Agriculture, Forestry and Other Land Use (AFOLU)

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IPCC (2006) defines the agriculture, forestry and other land use (AFOLU) sector that all managed land with relating to all direct human-induced effect on greenhouse gas emissions and removals. Land use and management impact diversity of ecosystem processes that influence greenhouse gas flows; for example, photosynthesis, respiration, decomposition, nitrification nitrification/denitrification, enteric fermentation, and combustion. All the biological (activity of microorganisms, plants, and animals) and physical processes (combustion, leaching and run-off) drives transformations of carbon and nitrogen.

The main greenhouse gases in AFOLU are CO2, N2O and CH4. CO2 is absorbed through plant photosynthesis and released via respiration, decomposition and combustion of organic matter; it fluxes between the atmosphere and ecosystem. N2O is a by-product of nitrification and combustion of organic matter and emitted to the atmosphere. CH4 occurs from methanogenesis through anaerobic conditions in soils and manure storage that is from enteric fermentation, and during incomplete combustion in process of burning organic matter. Other indirect greenhouse gas emissions from AFOLU are related to run off of nitrogen compounds, especially, NO3- losses from soils, consequently, some of which can be transformed to N2O via denitrification.


The main greenhouse gas emission sources/removals and processes in managed ecosystems
The main greenhouse gas emission sources/removals and processes in managed ecosystems; Cited from IPCC, 2006; Modified by: ERM-Siam Co., Ltd.

The 2006 IPCC Guidelines define the six land-use categories, which are 1) forest land, 2) cropland, 3) grassland, 4) wetland, 5) settlements and 6) other land. These six categories represent different perspectives of land-use and management systems, including stratification of land area by climate, soil and other environmental strata. There are four ecosystem components as the primary ecosystem stocks and processes in the AFOLU Sector, which are 1) biomass, 2) dead organic matter, 3) soils and 4) livestock.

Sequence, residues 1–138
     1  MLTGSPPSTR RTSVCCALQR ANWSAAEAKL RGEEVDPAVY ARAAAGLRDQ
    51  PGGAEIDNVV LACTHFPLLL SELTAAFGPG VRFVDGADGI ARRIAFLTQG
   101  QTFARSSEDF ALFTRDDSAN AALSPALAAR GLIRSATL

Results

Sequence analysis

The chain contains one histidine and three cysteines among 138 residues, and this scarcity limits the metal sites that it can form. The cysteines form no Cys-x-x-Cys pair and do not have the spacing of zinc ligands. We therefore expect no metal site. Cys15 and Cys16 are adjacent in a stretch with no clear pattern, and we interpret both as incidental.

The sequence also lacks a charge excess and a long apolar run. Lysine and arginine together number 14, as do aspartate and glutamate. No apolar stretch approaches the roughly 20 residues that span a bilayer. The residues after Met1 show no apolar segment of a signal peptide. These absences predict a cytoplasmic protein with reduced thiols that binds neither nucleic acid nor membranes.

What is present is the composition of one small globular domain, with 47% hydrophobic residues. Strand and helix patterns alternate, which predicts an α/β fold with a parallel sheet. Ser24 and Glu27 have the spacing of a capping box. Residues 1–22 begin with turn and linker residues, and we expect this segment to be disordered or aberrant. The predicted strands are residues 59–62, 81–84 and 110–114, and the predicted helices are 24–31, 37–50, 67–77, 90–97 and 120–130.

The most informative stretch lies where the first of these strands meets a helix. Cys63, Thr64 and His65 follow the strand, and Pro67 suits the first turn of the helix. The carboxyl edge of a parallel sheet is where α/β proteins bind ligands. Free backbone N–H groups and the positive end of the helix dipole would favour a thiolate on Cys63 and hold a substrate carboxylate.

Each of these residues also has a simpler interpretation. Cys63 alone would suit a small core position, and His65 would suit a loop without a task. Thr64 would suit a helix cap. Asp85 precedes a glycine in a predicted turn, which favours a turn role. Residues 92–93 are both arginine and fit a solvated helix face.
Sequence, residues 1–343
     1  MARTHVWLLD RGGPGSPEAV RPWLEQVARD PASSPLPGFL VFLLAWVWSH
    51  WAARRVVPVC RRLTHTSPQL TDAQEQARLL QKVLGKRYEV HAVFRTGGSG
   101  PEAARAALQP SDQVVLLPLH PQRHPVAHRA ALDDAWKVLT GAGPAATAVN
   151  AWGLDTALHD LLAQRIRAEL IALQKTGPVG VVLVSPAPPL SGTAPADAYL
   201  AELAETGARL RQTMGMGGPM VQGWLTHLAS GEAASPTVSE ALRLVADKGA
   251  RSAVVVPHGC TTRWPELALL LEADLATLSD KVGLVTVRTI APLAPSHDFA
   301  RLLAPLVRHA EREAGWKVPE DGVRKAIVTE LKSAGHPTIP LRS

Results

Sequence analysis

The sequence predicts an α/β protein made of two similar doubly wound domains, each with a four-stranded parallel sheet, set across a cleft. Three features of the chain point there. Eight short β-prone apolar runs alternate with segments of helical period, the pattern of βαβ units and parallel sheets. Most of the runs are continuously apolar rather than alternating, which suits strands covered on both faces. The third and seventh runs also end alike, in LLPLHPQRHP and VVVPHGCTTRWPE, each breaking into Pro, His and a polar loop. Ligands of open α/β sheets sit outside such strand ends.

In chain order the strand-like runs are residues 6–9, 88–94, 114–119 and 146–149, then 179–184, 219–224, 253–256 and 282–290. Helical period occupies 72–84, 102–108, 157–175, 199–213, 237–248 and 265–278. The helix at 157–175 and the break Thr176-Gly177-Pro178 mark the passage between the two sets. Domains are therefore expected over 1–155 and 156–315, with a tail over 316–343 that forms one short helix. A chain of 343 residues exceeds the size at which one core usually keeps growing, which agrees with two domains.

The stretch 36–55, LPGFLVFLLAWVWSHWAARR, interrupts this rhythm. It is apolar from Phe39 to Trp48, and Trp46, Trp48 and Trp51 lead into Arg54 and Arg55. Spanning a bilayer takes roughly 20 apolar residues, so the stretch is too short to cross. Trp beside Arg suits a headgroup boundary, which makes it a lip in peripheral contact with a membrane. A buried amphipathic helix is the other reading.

1. Biomass includes plant biomass, above-ground and below-ground parts; which are major channels for CO2 removal from atmosphere. Most of CO2 are relocated between the atmosphere and terrestrial ecosystems via photosynthesis and respiration. Human activities can induce changes of CO2 by deforestation, afforestation, fertilization, irrigation, harvest, and species choice. For instance, tree harvesting decreases biomass stocks on the land. Some of carbon may relocate from the ecosystem and promptly emit to the atmosphere, meanwhile, some carbon is transferred to other stocks that cause the delayed emissions. In non-forest ecosystems – e.g. Cropland, Grassland –biomass is mostly non-woody perennial and annual vegetation, in which a much smaller part of total ecosystem carbon stocks comparing to the forest lands. This kind of carbon stocks may continue nearly constant. In case of fire use as a management tool in grasslands and forests or wild fire, its cause could lead significantly loses of biomass carbon. Fires affect direct and indirect greenhouse gas emission, from combustion of biomass, for example, CO2, CH4, N2O, NMVOC, NOx and CO.
  2. Dead organic matter (DOM) finally comes from living plant substance. A portion of DOM can indicate time of decomposing, it could be for days to months to years to decades. Losses due to burning dead organic matter include emissions of CO2, CH4, N2O, NMVOC, NOx and CO.
  3. Soils are transferred from dead organic matter which is fragmented and decomposed, called as soil organic matter (SOM). SOM has different components which can be decomposed quickly by microbial organisms; or very slowly retained in the soil for decades to centuries or more. Sooner or later, decomposition of SOM returns carbon to the atmosphere. Soil organic stocks are impacted by land-use and management activities, human activities, climate variability and other environmental factors affected soil carbon dynamics, as well as biomass and DOM. In flooded condition, such as wetland environments and paddy rice production, an important part of the decomposing DOM and SOM is returned CH4 to the atmosphere. This condition can be considered major source of emission in countries in which land dedicated to paddy rice production.
  4. Livestock defines as animal production systems with ruminant animals that can be significant source of greenhouse gas emissions. CH4 is emitted by enteric fermentation in the digestive systems of ruminants. Manure disposal and storage in terms of management decisions influence emissions of CH4 and N2O, which are formed in decomposing manures as a by-product of methanogenesis and nitrification/denitrification, respectively.




Categories: Climate Change,GHG Emission Sources


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